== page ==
Memory Mbai - 11 March 2020 marked the announcement of the Covid-19 outbreak as a global pandemic by the World Health Organisation.
Countries around the world initiated lockdowns and mass quarantines in the hopes of slowing down the spread of the virus.
This article aims to highlight the value-added tax (VAT) considerations arising from potential impact of the lockdown on the supply chain and the import VAT paid and consequently the potential impact of quarantine on the demand of consumer goods which inherently impacts the VAT paid thereon.
It can be said that global trade has contributed to the success of businesses around the world; so much so that world trade agreements are negotiated to lower tariffs and other barriers that may prohibit trade between nations.
Exposures are created where businesses have a dependency on their international suppliers, whether it be raw materials used in production or finished goods that are not readily available locally; it is inherent that any lockdowns will have an impact on the supply chain.
The value of an import for VAT purposes is the greater of the market value or the sum of the free-on-board value uplifted with 10%. This value is known as the consideration, i.e. the price the importer pays for the goods on which import VAT at the rate of 15% is further paid.
It can be argued that the price paid on the importation of goods increases where it becomes more difficult to acquire those goods.
This price by the importer may be increased as a result of additional fees, duties or levies that may be charged for having to consider alternate sources should their usual supplier initiate a lockdown on their borders in addition to the cost of alternate routes to bring the goods into Namibia.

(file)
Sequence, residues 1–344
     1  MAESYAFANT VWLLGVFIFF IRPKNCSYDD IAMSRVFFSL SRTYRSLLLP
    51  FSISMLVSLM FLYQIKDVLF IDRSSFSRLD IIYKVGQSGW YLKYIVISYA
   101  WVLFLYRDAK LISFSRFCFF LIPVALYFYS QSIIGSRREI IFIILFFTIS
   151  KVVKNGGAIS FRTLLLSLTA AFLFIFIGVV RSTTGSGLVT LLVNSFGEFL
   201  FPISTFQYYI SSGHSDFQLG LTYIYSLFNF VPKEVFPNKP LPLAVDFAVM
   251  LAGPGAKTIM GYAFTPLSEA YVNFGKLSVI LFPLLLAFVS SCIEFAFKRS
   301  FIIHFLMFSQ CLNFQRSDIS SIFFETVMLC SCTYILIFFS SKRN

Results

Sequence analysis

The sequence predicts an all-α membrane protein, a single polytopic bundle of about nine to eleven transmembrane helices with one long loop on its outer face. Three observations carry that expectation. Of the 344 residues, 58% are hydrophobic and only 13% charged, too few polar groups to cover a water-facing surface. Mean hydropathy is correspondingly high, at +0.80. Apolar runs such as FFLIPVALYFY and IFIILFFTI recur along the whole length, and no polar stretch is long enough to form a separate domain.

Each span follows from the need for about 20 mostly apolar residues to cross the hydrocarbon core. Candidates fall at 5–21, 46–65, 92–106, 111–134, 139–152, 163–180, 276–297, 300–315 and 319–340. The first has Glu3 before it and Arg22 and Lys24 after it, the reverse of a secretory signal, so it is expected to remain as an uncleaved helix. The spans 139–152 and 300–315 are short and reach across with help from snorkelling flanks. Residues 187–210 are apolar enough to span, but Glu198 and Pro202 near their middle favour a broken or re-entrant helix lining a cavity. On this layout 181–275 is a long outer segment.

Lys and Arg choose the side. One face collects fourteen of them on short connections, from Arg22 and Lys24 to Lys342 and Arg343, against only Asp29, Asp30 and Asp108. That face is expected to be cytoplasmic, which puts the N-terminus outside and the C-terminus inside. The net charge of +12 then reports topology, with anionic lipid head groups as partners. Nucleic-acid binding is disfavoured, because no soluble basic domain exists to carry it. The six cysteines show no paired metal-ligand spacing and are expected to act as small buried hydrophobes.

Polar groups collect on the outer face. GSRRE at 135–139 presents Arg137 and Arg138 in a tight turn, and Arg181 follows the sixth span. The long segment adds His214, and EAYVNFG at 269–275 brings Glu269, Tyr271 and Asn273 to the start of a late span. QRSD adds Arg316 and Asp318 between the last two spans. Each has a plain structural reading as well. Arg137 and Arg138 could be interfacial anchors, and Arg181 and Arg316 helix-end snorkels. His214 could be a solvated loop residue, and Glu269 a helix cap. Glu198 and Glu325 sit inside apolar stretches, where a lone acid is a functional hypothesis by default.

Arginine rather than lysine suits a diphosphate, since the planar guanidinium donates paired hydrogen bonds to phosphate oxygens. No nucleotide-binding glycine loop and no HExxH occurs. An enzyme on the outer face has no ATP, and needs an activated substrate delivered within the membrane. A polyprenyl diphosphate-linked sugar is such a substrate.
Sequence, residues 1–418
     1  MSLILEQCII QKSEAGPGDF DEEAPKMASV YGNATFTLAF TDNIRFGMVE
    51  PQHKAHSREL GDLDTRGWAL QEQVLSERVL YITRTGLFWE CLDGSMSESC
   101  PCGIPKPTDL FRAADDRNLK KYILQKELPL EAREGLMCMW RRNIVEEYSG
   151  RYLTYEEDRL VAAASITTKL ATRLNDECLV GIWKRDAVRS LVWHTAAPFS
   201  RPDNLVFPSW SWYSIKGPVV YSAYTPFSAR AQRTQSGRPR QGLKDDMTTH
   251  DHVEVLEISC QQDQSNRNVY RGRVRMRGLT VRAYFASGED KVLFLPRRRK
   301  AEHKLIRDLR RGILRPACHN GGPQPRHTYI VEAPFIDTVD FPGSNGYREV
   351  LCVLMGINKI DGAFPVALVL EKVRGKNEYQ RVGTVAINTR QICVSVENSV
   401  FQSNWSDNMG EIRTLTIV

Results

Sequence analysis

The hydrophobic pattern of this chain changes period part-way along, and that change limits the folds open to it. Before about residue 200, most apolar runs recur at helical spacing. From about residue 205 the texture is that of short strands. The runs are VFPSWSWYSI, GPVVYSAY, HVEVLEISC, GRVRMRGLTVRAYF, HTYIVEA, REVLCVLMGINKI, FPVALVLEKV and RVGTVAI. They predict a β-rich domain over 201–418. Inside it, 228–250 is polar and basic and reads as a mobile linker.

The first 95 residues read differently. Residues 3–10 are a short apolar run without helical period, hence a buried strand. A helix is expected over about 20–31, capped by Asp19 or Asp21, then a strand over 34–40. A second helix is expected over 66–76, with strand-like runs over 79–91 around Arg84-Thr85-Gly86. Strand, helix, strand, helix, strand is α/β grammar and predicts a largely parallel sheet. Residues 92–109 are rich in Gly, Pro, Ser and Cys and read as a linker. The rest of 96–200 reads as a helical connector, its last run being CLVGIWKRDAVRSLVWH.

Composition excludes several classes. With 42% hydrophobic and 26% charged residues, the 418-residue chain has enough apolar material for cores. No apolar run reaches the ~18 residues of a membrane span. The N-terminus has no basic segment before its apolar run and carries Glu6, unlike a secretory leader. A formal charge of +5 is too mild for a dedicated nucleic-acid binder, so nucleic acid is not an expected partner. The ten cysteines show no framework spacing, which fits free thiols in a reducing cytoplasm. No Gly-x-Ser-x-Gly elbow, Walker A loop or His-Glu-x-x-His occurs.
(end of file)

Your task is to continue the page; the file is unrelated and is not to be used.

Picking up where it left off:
An example of global dependency is on China due to their competitive pricing which is attributable to the low cost of production; where businesses must consider alternate sources for their products, the price they will pay is likely to be more; bearing in mind that an added 15% VAT also becomes payable on that already increased price.
Any increased cost that must be borne by the business is likely to be passed down to the consumer to ensure profit margins are maintained. Notwithstanding this, the panic around the virus, in addition to the quarantine measures that were put in place, have seen recent media reports show an increase in “panic buying”.
It is important to note that panic buying creates a shortage in the availability of goods, this in turn impacts the supply chain and the cost thereof as businesses are faced with having to meet this increased demand which directly impacts the consumer prices, further increased by a 15% VAT thereon.
It is also important to bear in mind the cash flow impact of the current situation on businesses.
VAT is accounted for on the earlier of invoice or payment, meaning that businesses often must carry the VAT costs while waiting for their debtors to settle.
The VAT implications arising from debtors and their payment terms become an important consideration, especially bearing in mind the viability of businesses in these trying times.
A further consideration when planning cash flows is the uncertainty around when refunds will be paid by Inland Revenue and the VAT audits being put on hold that further strain the burden on businesses.